Scúru Fitchádu: Punk will not die while listening to funaná

At home he listened to funaná and he spoke Creole and in the street he heard punk, metal or hip-hop. Now, at age 37, Marcus Veiga is Scúru Fitchádu and exposes these experiences, in one of the vital adventures of the current Portuguese music, to feel on Wednesday, at the MusicBox in Lisbon, at the Jameson Urban Routes.

Singularity is not lacking to Marcus Veiga, known as Sette Sujidade and as Scúru Fitchádu: the music reflects experiences, the sonorities with which it was related and the shuffles of identity.
It is now, the drums and the electronics have given a little respite to the bodies, there is almost tranquility in the room, the singer’s ripped voice recoil, the assistance sighs, but at any moment everything will return to the frenzied initial place.

And the ritual repeats itself. The sound returns. The bass seems to ricochet on the walls, the battery accelerates even more, there is noise and distortion, you hear in the background an accordion and iron, while the singer shouts in Creole something imperceptible, but it is the angry way as it says it gets registered . Anyone who has seen Scúru Fitchádu on stage knows that it is an experience of limits.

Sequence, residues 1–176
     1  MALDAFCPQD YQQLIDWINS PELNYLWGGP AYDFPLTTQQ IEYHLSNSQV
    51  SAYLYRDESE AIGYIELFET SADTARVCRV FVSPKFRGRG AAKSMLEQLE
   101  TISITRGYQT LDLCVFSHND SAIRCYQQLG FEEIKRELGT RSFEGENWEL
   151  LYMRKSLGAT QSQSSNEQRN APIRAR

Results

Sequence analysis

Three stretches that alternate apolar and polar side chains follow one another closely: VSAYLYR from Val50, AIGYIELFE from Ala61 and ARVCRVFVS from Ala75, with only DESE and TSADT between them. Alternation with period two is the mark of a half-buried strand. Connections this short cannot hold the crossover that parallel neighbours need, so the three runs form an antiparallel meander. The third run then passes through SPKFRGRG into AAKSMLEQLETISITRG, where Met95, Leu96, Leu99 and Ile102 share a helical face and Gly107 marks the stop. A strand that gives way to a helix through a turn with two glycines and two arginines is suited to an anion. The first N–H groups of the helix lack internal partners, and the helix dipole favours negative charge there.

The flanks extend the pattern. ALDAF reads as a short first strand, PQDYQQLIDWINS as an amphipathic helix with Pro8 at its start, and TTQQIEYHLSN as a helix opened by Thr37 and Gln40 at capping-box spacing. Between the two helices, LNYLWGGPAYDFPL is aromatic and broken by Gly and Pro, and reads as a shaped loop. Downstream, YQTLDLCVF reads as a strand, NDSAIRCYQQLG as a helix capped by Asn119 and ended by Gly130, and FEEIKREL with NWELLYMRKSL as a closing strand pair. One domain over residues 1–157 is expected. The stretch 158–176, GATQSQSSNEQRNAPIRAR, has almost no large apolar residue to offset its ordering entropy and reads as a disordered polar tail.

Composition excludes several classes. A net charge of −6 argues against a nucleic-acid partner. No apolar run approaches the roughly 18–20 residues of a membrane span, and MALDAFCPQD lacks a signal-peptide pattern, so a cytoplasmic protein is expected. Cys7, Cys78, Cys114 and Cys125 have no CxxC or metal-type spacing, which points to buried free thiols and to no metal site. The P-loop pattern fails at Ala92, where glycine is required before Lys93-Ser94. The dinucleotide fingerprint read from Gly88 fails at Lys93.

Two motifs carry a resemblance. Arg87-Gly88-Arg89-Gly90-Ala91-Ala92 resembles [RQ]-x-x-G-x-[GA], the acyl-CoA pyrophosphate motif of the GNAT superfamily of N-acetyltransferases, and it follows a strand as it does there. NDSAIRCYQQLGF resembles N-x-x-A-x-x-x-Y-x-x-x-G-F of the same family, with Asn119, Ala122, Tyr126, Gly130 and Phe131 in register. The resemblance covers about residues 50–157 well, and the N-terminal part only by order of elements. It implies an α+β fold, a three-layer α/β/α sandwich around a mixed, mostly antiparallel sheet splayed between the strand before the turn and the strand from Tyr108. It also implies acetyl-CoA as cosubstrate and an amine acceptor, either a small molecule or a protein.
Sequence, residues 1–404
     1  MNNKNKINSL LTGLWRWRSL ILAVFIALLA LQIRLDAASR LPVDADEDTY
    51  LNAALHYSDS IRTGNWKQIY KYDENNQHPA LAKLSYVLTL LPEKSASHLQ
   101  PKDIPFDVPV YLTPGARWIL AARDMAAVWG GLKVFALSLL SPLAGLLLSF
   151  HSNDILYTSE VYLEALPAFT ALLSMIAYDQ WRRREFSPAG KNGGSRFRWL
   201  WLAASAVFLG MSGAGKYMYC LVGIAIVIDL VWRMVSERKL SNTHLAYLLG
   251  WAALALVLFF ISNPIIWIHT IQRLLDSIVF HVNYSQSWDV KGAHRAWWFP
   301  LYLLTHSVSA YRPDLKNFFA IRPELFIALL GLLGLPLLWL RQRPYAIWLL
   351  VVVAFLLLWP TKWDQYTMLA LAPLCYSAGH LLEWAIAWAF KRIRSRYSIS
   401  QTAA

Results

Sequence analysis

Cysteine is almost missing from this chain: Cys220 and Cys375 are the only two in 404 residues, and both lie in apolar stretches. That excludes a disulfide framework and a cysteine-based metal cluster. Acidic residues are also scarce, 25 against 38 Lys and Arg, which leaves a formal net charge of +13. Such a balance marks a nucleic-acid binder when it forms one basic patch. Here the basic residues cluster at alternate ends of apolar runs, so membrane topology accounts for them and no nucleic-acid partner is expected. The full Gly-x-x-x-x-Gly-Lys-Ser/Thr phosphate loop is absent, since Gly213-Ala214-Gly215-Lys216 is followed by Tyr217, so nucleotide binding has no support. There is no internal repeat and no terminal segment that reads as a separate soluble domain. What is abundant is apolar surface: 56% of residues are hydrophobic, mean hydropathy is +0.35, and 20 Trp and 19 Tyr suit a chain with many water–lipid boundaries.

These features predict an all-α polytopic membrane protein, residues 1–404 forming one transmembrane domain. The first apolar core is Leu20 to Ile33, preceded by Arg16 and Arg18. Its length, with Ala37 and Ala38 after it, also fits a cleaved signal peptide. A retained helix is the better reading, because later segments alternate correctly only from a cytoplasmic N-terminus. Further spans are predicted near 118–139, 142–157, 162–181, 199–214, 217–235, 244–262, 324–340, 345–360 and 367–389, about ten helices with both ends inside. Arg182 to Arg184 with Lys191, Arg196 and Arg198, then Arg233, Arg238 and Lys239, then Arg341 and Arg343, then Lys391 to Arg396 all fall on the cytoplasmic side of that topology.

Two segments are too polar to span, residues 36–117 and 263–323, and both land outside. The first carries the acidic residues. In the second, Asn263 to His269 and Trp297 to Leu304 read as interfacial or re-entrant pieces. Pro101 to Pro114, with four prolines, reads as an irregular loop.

Punk attitudes and distortion intersect with the Cape Verdean rhythms of funaná, mediated by dub or hip-hop techniques and electronic metamorphoses. In Portugal in recent months it is difficult to find another such vital musical adventure. Behind her is the Portuguese Marcus Veiga, also known by the nickname Sette Sujidade, and now also as Scúru Fitchádu.
Last year he released a self-titled five-track digital EP.

Marcus Veiga, fotografia de António Marinho da Silva.Marcus Veiga, fotografia de António Marinho da Silva.

“This project was thought to be presented live, because this is a physical music that can not be sat down,” says Marcus Veiga, noting that the way he communicates through videos or photos also ends up be important. “The visual part participates in a universe that I want to be understood as a whole. I’m in the paint for the visualizations, for the ‘tastes’ of social networks or if my music is very heard. But I wish that the one who hears may understand the atmosphere that surrounds it all. “And he gives the example of a musician he likes. “I’ve never seen Tom Waits live, but when I see a photo or video of him, it transports me to a dimension that I recognize as being just him, with anything visceral and cinematic, and that’s important.”